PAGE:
Third-Party Testing of Aspiration Systems Gives System Sensor FAAST High Marks for Nuisance Rejection
Packer conducted experiments under three test conditions: smoke, dust, and both smoke and dust. Overall, both aspiration systems alarmed with the presence of smoke. The progression of alarm levels was comparable between the two as the systems detected smoke. The differentiation came with the tests involving dust.
Dust testing results indicate that the VESDA system alarmed in most of the dust trials, while the FAAST system did not. Similarly, the smoke and dust testing showed the same results as the box with dust-only experiments in the first portion (dust) of this experiment: VESDA would falsely alarm with the presence of dust, and in most cases, FAAST would not. The aspiration systems responded differently when smoke was then introduced into the box: FAAST would alarm, whereas VESDA had already false alarmed for dust and remained on alarm.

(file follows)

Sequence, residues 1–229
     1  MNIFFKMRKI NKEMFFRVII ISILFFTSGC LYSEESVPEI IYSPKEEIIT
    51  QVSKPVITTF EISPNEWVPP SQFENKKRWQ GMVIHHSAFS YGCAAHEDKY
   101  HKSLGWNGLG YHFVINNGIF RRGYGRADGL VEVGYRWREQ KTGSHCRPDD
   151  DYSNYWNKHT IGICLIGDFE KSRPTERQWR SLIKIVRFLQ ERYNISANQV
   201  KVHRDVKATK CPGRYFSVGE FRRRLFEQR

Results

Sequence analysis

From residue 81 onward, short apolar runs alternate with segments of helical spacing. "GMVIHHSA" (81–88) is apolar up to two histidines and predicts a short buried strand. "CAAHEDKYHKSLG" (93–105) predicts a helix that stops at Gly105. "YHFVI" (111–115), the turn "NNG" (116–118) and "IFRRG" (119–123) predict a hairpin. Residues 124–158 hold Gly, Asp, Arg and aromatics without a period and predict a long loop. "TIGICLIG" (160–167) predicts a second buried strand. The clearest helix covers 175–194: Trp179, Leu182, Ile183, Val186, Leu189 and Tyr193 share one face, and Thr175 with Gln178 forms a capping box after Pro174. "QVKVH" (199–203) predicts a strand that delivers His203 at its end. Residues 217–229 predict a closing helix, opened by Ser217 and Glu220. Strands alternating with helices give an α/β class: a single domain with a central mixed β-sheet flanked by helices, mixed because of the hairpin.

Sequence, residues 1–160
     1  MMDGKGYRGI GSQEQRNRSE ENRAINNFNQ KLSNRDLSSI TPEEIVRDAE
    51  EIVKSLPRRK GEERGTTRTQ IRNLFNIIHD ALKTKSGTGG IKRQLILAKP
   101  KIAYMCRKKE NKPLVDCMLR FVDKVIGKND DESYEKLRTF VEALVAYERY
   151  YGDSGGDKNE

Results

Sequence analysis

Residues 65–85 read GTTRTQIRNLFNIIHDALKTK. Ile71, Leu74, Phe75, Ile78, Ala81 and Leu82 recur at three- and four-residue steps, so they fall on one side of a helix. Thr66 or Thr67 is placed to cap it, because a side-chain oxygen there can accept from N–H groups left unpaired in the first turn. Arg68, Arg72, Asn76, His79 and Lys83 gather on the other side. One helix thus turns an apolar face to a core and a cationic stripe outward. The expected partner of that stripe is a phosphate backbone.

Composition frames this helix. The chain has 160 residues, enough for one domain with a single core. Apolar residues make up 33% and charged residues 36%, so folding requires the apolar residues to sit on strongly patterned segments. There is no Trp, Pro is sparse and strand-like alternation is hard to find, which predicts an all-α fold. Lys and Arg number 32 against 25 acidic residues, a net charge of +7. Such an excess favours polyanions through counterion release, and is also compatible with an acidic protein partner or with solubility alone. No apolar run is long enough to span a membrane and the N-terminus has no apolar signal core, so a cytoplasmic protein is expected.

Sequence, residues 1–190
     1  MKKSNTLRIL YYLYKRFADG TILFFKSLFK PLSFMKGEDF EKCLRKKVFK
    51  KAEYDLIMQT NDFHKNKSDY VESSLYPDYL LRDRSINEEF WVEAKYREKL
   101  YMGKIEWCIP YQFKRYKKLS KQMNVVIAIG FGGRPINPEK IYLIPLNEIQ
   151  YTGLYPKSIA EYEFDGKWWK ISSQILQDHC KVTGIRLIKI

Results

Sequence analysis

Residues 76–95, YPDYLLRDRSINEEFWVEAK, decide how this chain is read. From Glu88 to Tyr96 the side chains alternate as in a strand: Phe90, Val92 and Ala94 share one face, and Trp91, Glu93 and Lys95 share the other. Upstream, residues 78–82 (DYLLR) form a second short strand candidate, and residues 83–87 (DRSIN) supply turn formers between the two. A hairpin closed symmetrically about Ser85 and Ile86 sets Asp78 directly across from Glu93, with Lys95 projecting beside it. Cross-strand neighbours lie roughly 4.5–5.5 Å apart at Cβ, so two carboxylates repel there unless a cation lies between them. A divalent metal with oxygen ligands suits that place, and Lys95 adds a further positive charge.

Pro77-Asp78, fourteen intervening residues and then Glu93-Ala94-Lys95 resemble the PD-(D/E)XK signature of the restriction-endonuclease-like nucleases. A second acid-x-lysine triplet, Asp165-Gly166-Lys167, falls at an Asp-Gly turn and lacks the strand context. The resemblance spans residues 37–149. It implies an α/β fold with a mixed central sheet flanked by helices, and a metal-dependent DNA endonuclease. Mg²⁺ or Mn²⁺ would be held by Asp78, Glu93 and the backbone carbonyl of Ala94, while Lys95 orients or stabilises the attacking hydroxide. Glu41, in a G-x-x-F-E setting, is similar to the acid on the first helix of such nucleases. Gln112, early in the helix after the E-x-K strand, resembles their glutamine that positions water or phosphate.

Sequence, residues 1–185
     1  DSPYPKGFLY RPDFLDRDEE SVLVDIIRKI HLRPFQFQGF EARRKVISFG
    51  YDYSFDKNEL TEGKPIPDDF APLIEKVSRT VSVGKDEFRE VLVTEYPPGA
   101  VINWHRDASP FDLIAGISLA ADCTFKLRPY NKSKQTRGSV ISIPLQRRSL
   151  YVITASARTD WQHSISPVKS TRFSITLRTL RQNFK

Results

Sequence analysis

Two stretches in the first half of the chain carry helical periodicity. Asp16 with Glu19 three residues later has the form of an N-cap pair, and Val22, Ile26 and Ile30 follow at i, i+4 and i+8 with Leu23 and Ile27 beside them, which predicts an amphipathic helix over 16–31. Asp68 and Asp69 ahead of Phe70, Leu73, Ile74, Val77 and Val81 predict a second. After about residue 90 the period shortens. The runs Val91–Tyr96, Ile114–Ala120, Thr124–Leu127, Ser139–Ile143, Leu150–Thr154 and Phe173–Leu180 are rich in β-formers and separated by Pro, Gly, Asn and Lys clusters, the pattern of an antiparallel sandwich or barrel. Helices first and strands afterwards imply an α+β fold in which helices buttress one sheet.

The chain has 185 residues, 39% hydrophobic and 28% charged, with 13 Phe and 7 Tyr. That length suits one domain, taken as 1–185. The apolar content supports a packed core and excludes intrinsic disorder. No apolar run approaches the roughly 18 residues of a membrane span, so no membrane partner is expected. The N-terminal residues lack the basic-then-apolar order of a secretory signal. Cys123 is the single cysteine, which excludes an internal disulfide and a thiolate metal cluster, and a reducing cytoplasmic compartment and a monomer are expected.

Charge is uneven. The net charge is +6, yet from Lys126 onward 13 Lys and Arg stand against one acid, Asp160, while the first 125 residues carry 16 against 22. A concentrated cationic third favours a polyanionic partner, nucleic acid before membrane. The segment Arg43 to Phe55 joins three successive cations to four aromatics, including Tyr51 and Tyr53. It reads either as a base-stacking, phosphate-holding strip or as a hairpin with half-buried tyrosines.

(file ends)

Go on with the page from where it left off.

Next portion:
The testing, which was conducted by Packer at The Fire Testing and Evaluation Center at the University of Maryland, reveals that the FAAST system has a higher capability to discriminate against nuisance sources. As a result, FAAST has fewer nuisance alarms compared to the VESDA system.